My thinking is not to negate progress or to stop necessary construction or needed capital expenditures. I know that times and circumstances change and those who don’t adapt to change go extinct. So there is room for this adapting, but only after considering the cost and consequences, and after thoughtful debate should the Preserve venture out. What development SELAH feels today was carefully considered and planned. Roads, attractions, trees, and buildings all have space and separation. I have planned everything to fit in with the land, to make sure nothing gives the impression of affluence or ostentatiousness. This is all so very important as I wanted this image to support the ranch programs and viewpoint and not have a negative impact on nature.



 
Bat emergence from Chiroptorium, Selah’s man made cave. Photo by Lois Sturm.
Chiroptorium has become a maternity cave. Lighter colors are baby bats. They bunch up to 500 per square foot. Photo by Tom Kunz.



I see the future of SELAH as being just what it is today – a place that glorifies Mother Nature and shares it simply and cleanly with all others that visit. I see this as minimally developed land continuing to serve as an inspiration and model for others, and as a place where those who work there, the volunteers and directors all personify the name, “SELAH”. The staff and its volunteers should continue the outreach programs and nurture our reputation so that our example will inspire and motivate others to open the natural world to young people, to motivate other landowners to do the same as we have today, and to inspire philanthropy to support their efforts.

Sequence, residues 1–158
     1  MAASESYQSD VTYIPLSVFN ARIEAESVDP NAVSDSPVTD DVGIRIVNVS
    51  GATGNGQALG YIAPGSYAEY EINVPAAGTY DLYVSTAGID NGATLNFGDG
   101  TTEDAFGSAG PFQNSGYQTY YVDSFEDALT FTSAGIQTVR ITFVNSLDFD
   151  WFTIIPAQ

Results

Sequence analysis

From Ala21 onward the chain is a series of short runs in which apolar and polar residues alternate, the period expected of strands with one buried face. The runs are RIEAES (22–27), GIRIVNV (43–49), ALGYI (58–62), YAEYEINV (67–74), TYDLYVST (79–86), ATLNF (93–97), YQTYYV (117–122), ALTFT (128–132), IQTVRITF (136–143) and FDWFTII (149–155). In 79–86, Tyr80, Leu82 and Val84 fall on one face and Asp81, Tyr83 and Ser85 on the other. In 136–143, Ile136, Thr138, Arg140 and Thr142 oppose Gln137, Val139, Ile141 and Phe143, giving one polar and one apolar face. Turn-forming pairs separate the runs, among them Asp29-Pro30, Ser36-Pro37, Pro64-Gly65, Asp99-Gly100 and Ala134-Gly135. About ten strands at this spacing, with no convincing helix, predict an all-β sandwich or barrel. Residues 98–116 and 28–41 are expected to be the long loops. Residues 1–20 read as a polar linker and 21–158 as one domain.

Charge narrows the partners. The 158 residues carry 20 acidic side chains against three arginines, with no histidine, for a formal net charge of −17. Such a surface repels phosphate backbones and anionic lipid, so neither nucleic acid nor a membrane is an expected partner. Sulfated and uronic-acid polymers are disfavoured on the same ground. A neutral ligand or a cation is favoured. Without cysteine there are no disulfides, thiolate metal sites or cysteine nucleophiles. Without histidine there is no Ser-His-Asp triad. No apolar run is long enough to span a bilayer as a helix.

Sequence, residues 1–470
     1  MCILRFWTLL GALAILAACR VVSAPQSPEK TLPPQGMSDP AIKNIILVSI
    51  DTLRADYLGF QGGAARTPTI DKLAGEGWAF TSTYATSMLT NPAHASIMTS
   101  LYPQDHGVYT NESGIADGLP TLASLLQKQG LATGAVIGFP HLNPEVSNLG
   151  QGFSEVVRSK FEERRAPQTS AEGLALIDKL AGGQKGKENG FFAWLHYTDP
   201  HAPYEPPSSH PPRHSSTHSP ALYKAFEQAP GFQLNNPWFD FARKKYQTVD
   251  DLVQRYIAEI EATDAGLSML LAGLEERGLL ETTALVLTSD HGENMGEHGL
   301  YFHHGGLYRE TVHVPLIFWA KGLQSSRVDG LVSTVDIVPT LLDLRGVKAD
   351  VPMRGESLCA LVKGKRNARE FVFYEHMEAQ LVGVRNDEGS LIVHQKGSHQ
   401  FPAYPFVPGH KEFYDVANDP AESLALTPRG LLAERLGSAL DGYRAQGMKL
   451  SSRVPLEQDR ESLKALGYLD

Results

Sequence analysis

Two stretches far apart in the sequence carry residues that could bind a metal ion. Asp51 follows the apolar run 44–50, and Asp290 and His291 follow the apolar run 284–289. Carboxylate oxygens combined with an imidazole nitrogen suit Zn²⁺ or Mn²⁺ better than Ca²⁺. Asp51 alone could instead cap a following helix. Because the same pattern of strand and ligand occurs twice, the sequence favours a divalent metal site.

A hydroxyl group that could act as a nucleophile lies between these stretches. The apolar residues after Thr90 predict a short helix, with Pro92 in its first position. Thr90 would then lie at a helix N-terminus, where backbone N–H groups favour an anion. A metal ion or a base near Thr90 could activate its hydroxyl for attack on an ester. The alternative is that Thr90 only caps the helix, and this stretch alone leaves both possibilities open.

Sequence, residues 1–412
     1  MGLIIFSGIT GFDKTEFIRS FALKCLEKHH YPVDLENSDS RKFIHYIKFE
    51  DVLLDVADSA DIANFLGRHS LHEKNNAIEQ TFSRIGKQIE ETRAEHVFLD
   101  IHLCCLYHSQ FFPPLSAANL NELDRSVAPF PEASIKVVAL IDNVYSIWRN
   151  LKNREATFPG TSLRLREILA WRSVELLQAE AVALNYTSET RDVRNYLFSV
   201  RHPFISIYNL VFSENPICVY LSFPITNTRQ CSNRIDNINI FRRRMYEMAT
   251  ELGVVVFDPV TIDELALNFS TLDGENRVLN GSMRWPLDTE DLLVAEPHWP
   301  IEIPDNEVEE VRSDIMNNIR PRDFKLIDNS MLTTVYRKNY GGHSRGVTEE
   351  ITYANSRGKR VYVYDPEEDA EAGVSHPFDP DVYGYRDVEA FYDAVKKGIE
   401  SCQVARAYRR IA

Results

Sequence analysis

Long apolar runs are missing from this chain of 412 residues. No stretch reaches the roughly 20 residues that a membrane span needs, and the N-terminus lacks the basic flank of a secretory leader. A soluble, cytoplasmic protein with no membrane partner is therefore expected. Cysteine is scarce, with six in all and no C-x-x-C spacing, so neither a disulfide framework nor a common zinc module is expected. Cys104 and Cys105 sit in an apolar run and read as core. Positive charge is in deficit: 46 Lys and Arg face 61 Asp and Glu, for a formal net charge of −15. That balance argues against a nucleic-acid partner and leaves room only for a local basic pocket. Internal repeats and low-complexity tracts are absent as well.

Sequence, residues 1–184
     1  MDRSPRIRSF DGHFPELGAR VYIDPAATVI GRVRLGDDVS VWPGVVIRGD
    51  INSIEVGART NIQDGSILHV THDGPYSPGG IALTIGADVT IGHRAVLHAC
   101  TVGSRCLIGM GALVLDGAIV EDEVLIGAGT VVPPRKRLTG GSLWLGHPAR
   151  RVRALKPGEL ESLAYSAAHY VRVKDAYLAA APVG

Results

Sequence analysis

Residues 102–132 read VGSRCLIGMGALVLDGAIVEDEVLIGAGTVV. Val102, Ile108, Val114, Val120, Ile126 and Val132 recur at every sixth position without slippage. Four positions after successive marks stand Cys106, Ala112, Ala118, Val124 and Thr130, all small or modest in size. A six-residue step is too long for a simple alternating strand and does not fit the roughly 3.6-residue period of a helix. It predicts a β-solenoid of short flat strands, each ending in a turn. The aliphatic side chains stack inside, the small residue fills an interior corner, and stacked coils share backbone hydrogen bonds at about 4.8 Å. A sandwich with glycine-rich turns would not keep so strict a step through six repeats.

In all the years of operating the ranch it has never shown a profit, in fact, far from it. Some years the losses were over $200,000. None of the losses were caused from frivolous or unnecessary spending but rather from ranch operations, depreciations and conservation practices. Try as I could, I was never able to cut the annual losses below $70,000.


There are ways to reverse or stop this financial drain, but all methods I’m aware of either have a negative impact on the land and Mother Nature, require more buildings and staff (and therefore expenses), or they begin taking away the very thing that sets SELAH apart and maintains the uncivilized naturalness. Raising prices to come here has some potential, if discriminatory, but no organized group, particularly the young, should be left behind because of lack of a few dollars. I don’t believe we can pass on our overhead or mistakes to those who need the SELAH experience.


By changing my attitude about money and inheritance, I have made provisions for a respectable endowment. However my own projections still show a need for contributions and grants to support on-going operations. This will require assistance from staff and directors.


In inviting like-minded individuals to work at and direct the BRP, I ask that you follow these wishes and intents, that you perpetuate yourselves with those of similar beliefs, and that you ask anyone to leave your ranks, no matter who they may be, nor how well they perform otherwise, should they not support the above written philosophy.



J. David and my dog, Cory. Photo by Chase Fountain.



Please help us preserve this large open space and to continue the programs for children and landowners that inspire and instill a respect for the natural world and all living things, like us, who need it. We are a 501c3 private operating foundation so contributions to Bamberger Ranch Preserve are tax deductible as permitted by law.

2 comments:

Colleen S. Gardner said...

I thought the country store story was my favorite, but now, hands' down, this one is it. The photos compliment your philosophy beautifully.

Sallie said...

Very nice story. I hope this will bring many donations and endowments. Get well soon.